One of the underdiscussed aspects of Brexit is the immense damage it will do to Britain’s standing as a global foreign policy player. Many commentators concentrate on the UK’s future relationship with the EU single market and customs union, the status of EU citizens in Britain or of Brits in Europe, or what role the European Court of Justice will have in the UK. But the biggest change when Britain leaves the EU will be London voluntarily giving up its seat in the forum that decides on the future of Europe.
For centuries, Britain expended blood and treasure to ensure that Europe was open for British commerce; that no dominant continental power, ideology, or faith took over; and that the values of liberalism, democracy, and the rule of law spread across the continent.
In recent decades, Britain has had a seat, a vote, and a voice in all the big-ticket decisions on Europe’s direction of travel. British diplomats, officials, and stellar leaders like Margaret Thatcher and Tony Blair magnified their influence by cajoling, persuading, and nudging the rest of Europe in a desired direction for Britain. This meant building alliances and accepting some pushback, but Britain has had more power and influence in Europe in recent decades than at any previous time in history. In every world capital, at the WTO, and in other international bodies, British diplomats would meet with fellow EU colleagues and try to push an agenda close to desired British interests.
All this comes to a shuddering stop with Brexit—irrespective of whether Britain’s exit from the EU will be hard or soft or follow the Norwegian or Swiss model. Overnight, Britain will become an international policy player that has to cool its heels in the waiting rooms of EU deciders, from the European Council to the European Commission to the European External Action Service. There will be no point in anyone in Washington, Beijing, New Delhi, Lagos, or Brasília asking the British ambassador what Europe is going to do or say on key global issues, because the answer can only be “Search me!”
Yes, this enfeebled post-EU Britain will retain its seat as a permanent member of the UN Security Council. London can still join the line of visitors from Berlin, Paris, and Warsaw in seeking an audience with the U.S. president. The Commonwealth will be always there. Britain will remain in NATO, the Organization for Security and Cooperation in Europe, and the Council of Europe. These are all worthwhile organizations, but none has anything like the importance of the nations of Europe that work in concert on a permanent institutionalized basis as members of the European Union.
So the UK will revert to bilateral diplomacy. Fantasists hope this will mean a return to glory for the Foreign and Commonwealth Office (FCO), but the money is not and will not be there. On the playing field on which Britain has sought to be present, exercise influence, shape the rules, and defend its core interests, the UK will henceforth be on the touchline. The FCO is proposing to hold a Western Balkans conference in 2018. It is a good initiative, but who outside the EU will care what Britain thinks or proposes for this still troubled and turbulent region?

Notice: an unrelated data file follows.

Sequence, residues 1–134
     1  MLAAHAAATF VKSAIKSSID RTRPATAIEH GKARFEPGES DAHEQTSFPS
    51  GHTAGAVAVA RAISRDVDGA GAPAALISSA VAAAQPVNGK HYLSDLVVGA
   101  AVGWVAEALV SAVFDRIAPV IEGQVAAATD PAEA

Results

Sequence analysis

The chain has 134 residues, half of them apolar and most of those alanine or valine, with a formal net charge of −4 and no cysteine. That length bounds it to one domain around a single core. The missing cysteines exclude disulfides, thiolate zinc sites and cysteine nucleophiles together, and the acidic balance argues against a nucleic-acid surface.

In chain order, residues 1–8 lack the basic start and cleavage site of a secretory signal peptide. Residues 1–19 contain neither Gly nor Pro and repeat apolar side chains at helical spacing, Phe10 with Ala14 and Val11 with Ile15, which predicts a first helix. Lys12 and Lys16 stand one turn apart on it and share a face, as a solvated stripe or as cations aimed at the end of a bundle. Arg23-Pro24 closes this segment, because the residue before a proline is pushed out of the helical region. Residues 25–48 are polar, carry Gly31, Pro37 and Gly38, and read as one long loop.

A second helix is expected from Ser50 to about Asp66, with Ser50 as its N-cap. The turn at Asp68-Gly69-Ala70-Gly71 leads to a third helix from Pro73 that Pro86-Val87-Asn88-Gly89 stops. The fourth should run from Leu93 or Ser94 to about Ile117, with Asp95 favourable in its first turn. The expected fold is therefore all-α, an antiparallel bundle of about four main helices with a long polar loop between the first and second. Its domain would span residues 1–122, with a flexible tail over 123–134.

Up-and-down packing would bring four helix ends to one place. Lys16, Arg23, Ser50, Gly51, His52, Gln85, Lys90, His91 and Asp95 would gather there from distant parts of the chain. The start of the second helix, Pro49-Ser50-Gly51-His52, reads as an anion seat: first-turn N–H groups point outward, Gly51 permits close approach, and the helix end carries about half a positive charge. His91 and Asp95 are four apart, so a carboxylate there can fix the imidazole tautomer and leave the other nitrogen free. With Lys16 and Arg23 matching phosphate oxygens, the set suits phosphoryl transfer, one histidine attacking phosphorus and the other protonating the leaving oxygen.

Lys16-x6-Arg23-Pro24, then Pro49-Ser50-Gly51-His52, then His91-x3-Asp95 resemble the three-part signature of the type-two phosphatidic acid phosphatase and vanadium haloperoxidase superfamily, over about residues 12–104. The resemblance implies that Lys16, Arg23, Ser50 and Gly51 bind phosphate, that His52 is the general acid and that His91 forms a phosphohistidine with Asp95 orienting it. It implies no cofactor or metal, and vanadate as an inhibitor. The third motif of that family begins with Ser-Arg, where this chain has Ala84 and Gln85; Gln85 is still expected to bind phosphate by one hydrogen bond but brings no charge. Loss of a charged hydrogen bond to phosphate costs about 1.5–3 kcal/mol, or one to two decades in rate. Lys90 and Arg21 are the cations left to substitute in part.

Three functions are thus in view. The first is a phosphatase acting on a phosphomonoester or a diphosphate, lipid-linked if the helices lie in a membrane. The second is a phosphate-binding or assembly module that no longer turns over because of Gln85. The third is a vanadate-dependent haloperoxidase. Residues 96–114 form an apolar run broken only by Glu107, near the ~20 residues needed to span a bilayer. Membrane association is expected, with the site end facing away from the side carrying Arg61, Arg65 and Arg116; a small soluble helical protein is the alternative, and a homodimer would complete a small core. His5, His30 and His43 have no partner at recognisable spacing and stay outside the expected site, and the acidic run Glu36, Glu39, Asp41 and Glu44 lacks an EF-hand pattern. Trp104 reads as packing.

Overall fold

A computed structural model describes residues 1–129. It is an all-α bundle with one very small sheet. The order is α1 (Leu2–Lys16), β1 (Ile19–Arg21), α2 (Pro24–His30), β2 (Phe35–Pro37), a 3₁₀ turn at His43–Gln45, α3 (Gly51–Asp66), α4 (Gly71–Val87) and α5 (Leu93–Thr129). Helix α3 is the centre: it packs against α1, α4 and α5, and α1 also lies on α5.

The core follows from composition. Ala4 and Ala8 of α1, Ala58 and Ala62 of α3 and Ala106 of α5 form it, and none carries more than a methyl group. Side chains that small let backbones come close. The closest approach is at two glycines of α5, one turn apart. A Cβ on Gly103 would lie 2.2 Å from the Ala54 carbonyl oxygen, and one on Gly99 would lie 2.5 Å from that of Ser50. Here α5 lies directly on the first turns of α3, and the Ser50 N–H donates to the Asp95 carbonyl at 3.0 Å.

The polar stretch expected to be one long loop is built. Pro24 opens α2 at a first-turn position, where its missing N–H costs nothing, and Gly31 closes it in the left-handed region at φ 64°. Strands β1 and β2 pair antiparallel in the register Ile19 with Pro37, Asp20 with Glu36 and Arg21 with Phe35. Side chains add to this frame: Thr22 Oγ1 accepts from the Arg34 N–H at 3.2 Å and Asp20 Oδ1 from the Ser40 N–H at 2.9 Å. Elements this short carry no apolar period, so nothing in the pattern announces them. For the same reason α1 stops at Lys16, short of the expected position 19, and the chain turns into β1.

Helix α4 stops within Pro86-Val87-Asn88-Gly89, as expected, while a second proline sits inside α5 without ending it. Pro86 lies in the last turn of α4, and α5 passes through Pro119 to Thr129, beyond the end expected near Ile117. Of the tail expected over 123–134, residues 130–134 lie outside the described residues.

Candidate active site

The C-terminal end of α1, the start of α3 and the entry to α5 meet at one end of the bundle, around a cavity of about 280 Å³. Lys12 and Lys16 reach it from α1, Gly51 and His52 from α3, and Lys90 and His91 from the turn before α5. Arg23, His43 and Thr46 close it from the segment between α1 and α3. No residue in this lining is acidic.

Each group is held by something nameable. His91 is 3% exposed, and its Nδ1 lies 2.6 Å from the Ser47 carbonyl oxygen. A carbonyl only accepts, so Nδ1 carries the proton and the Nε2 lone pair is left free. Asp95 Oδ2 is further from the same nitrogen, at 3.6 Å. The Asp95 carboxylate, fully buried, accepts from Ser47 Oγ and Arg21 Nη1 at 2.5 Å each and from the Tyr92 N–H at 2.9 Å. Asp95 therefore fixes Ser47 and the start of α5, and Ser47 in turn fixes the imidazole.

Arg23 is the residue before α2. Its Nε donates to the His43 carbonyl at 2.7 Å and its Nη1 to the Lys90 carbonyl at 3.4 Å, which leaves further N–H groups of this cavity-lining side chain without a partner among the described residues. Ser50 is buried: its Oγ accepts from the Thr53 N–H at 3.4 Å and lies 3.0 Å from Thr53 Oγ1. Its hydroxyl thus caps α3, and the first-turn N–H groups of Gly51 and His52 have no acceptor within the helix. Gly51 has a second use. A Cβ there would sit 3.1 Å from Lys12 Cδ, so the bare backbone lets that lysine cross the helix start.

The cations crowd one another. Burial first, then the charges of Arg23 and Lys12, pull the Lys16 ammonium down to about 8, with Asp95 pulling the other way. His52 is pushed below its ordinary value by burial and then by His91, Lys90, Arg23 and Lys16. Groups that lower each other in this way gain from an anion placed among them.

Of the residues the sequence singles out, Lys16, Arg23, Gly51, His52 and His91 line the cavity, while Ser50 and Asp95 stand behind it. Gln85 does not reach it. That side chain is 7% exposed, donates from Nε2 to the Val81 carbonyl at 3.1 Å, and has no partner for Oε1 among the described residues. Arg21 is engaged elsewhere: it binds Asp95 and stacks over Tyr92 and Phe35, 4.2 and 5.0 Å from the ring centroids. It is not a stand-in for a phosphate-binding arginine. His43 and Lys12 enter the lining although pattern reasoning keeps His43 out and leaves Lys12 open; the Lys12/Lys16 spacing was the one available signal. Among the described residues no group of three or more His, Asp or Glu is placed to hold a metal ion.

From Islamist terrorism to environmental policies to the protection of Europe’s borders, Britain will be disconnected from all the main EU players. Of course, there will be polite welcomes for the British prime minister and foreign secretary, but the UK’s third-country status will mean London’s envoys have the same rank as those from Mexico, Turkey, or South Korea.
London will cease to be the foreign policy discussion center of the world outside Washington. Established London-based foreign policy think tanks like Chatham House, the International Institute for Security Studies, and the Royal United Services Institute or newcomers like the Centre for European Reform and the European Council on Foreign Relations have high reputations. They will become less relevant and attract less global funding as the UK amputates itself from EU foreign policy decisions because its foreign ministers and officials are no longer locked into core European policymaking.
As university departments that teach and research European foreign policy lose EU funding, and policy NGOs that receive EU money and bring together European researchers also reduce their activities, the buzz of London as Europe’s no. 1 international policy forum will dwindle.
As an FCO minister, I met regularly with EU opposite numbers and was able to report to Blair on the politics of what was happening in the rest of Europe. Outside the EU, Britain will be looking in as EU member states get on with deciding on everything from European policing and justice policies to deployments of EU armed interventions to troubled regions of Africa or Arab countries.
Brexit is the biggest influence-reducing move ever seen in Britain’s history of international relations. It is astonishing that the UK foreign policy establishment has not expressed concern. The overwhelming focus in the Brexit debate on trade and immigration has sidelined the coming loss of British influence, which is without precedent in British history.
Former UK foreign secretary William Hague and former NATO secretary general George Robertson have called for the UK to have observer status at EU foreign policy meetings. But then why not Turkey or, indeed, the United States? This is precisely the cherry-picking approach that the other 27 EU members reject. When Britain leaves the EU, it will have no say and little influence over the future geopolitical direction of travel of its region of the world.
Denis MacShane was a parliamentary private secretary and minister at the UK Foreign and Commonwealth Office from 1997 to 2005 and UK delegate to the Council of Europe and NATO Parliamentary Assemblies from 2005 to 2010.